When I heard the news that the DIS (draft) version of ISO 27001:2013 is publicly available at the BSI website (until 23 March 2013), I was very impatient to read it. Although one should not get too excited yet – this draft version might differ quite a bit from the final version of the standard (expected to be published in the second half of 2013) – the purpose of such a draft standard is to be revised based on many inputs during a public debate.
When compared to the old (still valid at the time of writing this article) ISO/IEC 27001 from 2005, the changes are actually not too drastic – here are the main differences I found:
As expected, the new ISO 27001 will be compliant with Annex SL of ISO/IEC Directives, in order to be aligned with all the other management standards – this is already evident in ISO 22301, the new business continuity management standard. So, here are the main clauses that you will see in all the management standards:
2 Normative references
3 Terms and definitions
4 Context of the organization
9 Performance evaluation
Naturally, Annex A is still here in the new ISO 27001 – this is where all the controls are listed. The quite useless Annex B from the old standard is gone, while there is no need for Annex C anymore.
The huge importance of interested parties, which can include shareholders, authorities (including legal and regulatory requirements), clients, partners, etc., is recognized in the new ISO 27001 – there is a separate clause that specifies that all the interested parties must be listed, together with all their requirements.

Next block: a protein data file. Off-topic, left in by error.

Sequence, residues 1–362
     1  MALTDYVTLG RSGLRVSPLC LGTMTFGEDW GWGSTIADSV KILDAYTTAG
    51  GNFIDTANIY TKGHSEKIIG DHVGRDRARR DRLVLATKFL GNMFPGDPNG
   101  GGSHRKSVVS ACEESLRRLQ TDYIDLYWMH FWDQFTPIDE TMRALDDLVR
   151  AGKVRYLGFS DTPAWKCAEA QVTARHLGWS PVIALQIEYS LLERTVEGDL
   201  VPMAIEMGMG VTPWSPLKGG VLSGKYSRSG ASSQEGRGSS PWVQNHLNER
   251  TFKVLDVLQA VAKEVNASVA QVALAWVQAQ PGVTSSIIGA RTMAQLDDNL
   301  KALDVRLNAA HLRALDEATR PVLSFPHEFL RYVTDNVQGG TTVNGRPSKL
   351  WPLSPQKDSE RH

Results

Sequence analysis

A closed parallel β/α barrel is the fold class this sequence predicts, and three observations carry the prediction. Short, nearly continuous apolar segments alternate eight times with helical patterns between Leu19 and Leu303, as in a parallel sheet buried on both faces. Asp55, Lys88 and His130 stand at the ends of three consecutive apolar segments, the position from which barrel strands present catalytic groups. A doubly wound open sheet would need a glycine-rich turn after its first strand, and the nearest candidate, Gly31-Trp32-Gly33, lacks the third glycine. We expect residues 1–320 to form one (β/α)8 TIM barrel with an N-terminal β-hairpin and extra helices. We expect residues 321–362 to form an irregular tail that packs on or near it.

This is definitely an excellent way of defining key inputs into the ISMS.
The concepts of “documents” and “records” are merged together; so, now it is “documented information.” Consequently, all the rules that are required for documentation control are now valid for both documents and records; the rules themselves haven’t changed much from the old ISO 27001.
The requirement in the old standard for documented procedures (Document control, Internal audit, Corrective action, Preventive action) is gone – however, the requirement for documenting the output from those processes remains in the new standard. Therefore, you don’t need to write those procedures, but you need to maintain all the records when managing documents, performing internal audits, and executing corrective actions.
Also, the clause from the old standard where all the required documents are listed (4.3.1) is gone – there is no central list of required documents.
Risk assessment and treatment
Assets, vulnerabilities and threats are not the basis of risk assessment anymore! It is only required to identify the risks associated with the confidentiality, integrity and availability – although this might seem too radical of a change, the authors of the new standard wanted to allow more freedom in the way the risks are identified; however, I assume that the assets-vulnerabilities-threats methodology will remain as a best practice for a long time.